London

Have you walked through swarms of flying ants lately? Relax, they're just mating

Ontario's hot and wet summer has made for perfect conditions for flying ants to multiply, creating mating swarms that can make for unsettling encounters with hundreds of bugs (but also a protein-rich meal).

Hot and wet summer means flying ants, mosquitoes and midges are abundant in the region

A hot, wet summer has led to perfect conditions for flying ant mating. Londoners have noticed swarms of the insects in recent days. (bugeric.blogspot.ca)

Ontario's hot and wet summer has made for perfect conditions for flying ants to multiply, creating mating swarms that can make for unsettling encounters with hundreds of randy bugs (but also a protein-rich meal). 

"It's been a pretty good season for bugs. What we've had in London is this great growing season where three times a week you get a good thunderstorm and it stays nice and moist, which means more water available, more places to breed, and it's warmer, so they develop faster, you can get through more cycles a year," said Brent Sinclair, a biologist at Western University who studies insects.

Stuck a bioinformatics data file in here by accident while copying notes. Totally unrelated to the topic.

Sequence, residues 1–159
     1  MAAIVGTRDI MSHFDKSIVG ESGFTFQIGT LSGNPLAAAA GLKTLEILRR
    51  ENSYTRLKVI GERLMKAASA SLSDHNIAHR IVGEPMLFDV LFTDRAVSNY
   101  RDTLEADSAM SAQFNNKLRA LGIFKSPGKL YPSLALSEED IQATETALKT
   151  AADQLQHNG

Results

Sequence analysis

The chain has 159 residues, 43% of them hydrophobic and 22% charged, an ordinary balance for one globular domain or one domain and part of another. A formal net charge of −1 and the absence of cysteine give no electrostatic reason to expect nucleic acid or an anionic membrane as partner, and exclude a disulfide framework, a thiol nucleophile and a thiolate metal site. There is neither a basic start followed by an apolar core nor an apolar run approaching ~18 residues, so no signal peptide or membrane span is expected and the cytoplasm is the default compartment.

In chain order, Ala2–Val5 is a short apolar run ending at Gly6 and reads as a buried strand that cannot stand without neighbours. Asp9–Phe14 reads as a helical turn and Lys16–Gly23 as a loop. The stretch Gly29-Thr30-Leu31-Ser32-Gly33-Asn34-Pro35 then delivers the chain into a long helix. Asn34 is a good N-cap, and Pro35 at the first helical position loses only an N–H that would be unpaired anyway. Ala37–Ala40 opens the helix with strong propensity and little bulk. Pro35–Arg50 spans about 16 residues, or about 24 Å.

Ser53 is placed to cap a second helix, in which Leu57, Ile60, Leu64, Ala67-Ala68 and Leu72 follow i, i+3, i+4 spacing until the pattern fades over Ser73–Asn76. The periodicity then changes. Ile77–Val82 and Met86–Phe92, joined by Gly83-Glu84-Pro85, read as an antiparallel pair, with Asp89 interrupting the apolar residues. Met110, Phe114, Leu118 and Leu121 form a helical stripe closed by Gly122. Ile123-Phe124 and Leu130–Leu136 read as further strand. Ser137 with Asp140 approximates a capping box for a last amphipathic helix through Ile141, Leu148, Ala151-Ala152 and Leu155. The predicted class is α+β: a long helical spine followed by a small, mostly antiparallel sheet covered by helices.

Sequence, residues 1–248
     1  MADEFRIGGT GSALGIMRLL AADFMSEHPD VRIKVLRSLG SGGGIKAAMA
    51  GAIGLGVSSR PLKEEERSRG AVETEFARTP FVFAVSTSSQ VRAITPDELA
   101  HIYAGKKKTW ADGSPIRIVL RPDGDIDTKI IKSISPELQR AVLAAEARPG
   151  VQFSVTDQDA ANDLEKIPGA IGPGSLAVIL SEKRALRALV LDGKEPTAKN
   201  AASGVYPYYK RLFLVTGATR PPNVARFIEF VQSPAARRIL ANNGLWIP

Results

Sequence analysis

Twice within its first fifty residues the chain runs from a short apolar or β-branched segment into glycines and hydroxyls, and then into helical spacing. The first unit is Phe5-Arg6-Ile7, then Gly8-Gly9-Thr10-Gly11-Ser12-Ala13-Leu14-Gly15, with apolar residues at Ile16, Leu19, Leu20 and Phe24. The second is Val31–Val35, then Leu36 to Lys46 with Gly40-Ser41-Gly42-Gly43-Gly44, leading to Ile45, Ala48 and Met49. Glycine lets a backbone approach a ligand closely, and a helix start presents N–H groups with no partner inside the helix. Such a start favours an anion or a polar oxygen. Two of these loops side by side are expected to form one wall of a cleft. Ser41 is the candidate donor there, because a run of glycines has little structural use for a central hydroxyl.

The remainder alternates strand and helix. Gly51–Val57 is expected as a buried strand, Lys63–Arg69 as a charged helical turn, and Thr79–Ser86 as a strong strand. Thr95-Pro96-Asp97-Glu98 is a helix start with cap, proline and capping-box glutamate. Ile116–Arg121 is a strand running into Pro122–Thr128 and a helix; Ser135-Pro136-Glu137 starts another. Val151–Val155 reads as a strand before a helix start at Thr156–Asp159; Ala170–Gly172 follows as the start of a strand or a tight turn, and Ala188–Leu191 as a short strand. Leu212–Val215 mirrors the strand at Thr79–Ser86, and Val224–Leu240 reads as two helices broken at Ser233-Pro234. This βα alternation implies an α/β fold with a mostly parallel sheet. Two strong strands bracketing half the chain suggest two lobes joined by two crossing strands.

"What we're seeing is the effect of weather. It's a hot wet summer. But if climate change brings us more of those kinds of summers, than we'll be seeing more of those bugs." 

Social media has been buzzing about the swarms of flying insects in the last few days. Some have described swimming pools clogged with insects while others have brushed them out of their hair after an evening walk. 

When you walk through a swarm of flying ants, you're essentially walking through a giant mating session, said Sinclair. 

A tiny, tasty treat

The queens fly around, mating with as many males as possible. They keep the sperm until they die. 

When they've had enough mating, the queens drop to the ground, drop their wings, eat them for protein, and then bury underground to start a new colony. 

"Because it's been so moist the last month or so, that speeds up the life cycle," said Bruno Levesque, the Ontario Regional Manager for Orkin Canada, the pest control company. 

"They become overpopulated so they need to break off and create sub colonies." 

Many ants mean more queens, more mating, and more colonies, Levesque said. 

The flying ants are completely harmless, though a slight nuisance, Sinclair and Levesque say. But if they're in your house, best to call a pest control company.

And there's a tasty upside, too. 

"These bugs, they're delicious," Sinclair said. "The females of the species have a lot of protein. In cultures that eat ants, these are ones they eat." 

Mosquitoes and midges are also thriving in the recent hot and wet weather.

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